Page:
Nah typically when you look up a fund or stock it only shows you price growth, no dividends etc. Also, 5 years is an incredibly short period to look at performance. Try looking at multiple decades. Next, NDQ is a far more concentrated form of investing in the US market vs a standard index or global approach – yes it’s had amazing performance, but we don’t know if that will continue to be the case. So extrapolating those figures indefinitely is not a wise thing to do in my view.

          Overall, you either think you can do better than the average world market return by picking funds sectors or markets that will do better, or you go for a more diversified spread out approach. The reason for 50% Oz weighting for me (which some consider high, others don’t at all) is due to all my expenses being in Aussie dollars, plus franking credits, plus familiarity and simplicity. I could invest more in global but I like this simple setup, then I don’t need an additional hedged global fund and don’t need to rebalance. The portfolio will just spit out a bunch of cash which I can live on, plus I can harvest some growth from global shares over time too.

          1. Not sure if anybody will see this, but I’d like to add something about, “dividend investing”. The “FIRE” community says it’s all about final total return and to forget about dividends, because as long as you get the growth, you can sell your assets for income. The theory seems sound, but I’m not so sure about how that actually plays out in reality.

            A good example to the above was during the beginning of Covid. Shares took a massive beating – and even cut dividends too. If you needed to sell some of your shares to keep living, you would’ve been forced to sell at the worst possible time – when prices were low. If you can survive off mostly dividends you never need to sell – unless you want to. I find that today, both the US share market and the Aussie share market are presently under-performing today’s quite high inflation. So if you had a high growth portfolio with low income, you would presently again be forced to sell your assets at a very bad time. The problem you can start seeing with this strategy is that you started this year with less shares because you sold in 2020 and 2021 and you are selling into the market again this year, meaning for 2024, you start the year with even less assets again. I can’t wrap my head around how it could be sustainable.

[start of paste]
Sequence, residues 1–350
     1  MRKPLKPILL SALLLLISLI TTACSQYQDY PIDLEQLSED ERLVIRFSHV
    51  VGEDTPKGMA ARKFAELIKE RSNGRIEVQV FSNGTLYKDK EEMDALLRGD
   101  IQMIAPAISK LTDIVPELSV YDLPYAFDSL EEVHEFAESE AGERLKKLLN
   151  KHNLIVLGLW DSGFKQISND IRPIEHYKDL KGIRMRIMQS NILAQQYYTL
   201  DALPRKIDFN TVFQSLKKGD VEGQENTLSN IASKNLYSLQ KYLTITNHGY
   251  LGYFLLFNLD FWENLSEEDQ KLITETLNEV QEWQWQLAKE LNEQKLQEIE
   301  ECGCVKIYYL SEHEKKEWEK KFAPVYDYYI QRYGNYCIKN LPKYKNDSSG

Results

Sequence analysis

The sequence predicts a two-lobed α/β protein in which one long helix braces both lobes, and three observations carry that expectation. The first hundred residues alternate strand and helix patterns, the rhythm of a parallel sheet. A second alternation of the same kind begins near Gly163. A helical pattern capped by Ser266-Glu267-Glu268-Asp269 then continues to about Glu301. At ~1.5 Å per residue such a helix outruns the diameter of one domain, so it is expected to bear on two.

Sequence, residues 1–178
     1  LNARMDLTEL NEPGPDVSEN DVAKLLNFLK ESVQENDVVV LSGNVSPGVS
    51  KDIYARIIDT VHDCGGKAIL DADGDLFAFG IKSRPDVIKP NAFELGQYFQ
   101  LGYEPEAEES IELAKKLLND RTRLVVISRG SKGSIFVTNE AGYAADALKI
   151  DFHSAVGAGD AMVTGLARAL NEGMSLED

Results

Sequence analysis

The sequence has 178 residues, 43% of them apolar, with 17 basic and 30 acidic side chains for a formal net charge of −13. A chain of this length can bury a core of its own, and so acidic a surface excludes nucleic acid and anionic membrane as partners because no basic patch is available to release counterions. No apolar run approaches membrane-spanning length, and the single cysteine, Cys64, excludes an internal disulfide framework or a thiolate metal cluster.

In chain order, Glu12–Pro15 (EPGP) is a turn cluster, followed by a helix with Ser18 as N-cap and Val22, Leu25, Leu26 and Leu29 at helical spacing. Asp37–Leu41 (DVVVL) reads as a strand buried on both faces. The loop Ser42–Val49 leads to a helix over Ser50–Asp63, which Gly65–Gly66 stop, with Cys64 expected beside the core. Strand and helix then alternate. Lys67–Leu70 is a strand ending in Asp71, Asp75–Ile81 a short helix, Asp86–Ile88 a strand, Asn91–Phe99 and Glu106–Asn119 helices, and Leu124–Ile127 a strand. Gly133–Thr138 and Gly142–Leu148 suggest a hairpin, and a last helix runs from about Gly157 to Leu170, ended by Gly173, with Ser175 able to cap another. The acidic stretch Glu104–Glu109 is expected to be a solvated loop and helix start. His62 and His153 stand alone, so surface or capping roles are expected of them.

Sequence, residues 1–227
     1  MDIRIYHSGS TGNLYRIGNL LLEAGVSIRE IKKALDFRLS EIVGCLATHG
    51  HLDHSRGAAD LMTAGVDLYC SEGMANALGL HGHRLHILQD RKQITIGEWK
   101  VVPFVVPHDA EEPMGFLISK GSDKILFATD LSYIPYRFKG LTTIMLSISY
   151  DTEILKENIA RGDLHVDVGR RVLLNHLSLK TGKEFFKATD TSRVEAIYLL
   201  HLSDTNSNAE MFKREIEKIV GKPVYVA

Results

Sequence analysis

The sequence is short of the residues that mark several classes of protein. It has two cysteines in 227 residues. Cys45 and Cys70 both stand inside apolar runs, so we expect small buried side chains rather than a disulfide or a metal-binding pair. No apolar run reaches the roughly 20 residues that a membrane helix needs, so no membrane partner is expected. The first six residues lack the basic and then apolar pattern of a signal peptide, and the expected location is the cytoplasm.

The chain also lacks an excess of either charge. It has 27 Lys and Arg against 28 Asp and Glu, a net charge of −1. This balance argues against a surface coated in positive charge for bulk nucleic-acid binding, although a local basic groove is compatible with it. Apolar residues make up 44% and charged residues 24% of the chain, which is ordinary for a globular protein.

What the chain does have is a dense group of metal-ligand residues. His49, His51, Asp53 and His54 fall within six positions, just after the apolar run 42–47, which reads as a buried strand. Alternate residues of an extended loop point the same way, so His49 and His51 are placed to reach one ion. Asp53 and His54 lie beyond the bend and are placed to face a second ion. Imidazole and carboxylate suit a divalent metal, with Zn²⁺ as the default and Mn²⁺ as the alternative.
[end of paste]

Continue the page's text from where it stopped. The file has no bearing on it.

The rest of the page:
“Dividend investing” is a bit different though. Because the Aussie shares pay about 4% plus franking credits, even though you are still under-perorming inflation, the “dividend investor” probably can whether the storm with his 4% income and not have to sell keeping his assets 100% intact into the future.

          2. Hey Chris. As you might know, I generally lean more towards the dividend approach, for both myself and others as an easier option for most people to get retirement income.

            The total return argument is generally mathematically based, that if no dividends are paid, more money is in the company so it’s worth more (and if higher dividends are paid, the price is lower because of the payout and money leaving the company).

            Over time, whether a company pays income or keeps it, selling should have little/no impact on total return vs dividends. I agree in theory but not so much in practice. That excess money at the company can easily be burned/wasted or lead to overexpansion and future losses, leading to a worse outcome than if they’d just paid it out.

            As you hint to, there’s a psychological (and mathematical) certainty that comes with dividends that selling down doesn’t have. I explain this in one section of the following post:

  6. This is the good stuff right here. I’m 45, and “fired retired” and it’s truly been the best thing that’s happened to me. Financial situation is meh but I have my necessities and most of all I have peace of mind which no amount of money can change.

    1. If you have peace of mind and contentment you have something that many multi-millionaires don’t have (and may never get).

      Love to hear it 🙂

Leave a Reply

Your email address will not be published. Required fields are marked *

See All
  • Strong Money Survey Results

    I share the findings from surveying my audience.  See how wealthy the average Strong Money reader is, how much income they earn, and find out the most common money worries.

  • The Power Of Deliberate Spending

    Why deliberate spending is my favourite money management style.  What it really means and how you can use it as your situation and priorities change over time.

Download the Free Guide

10 Steps to Financial Independence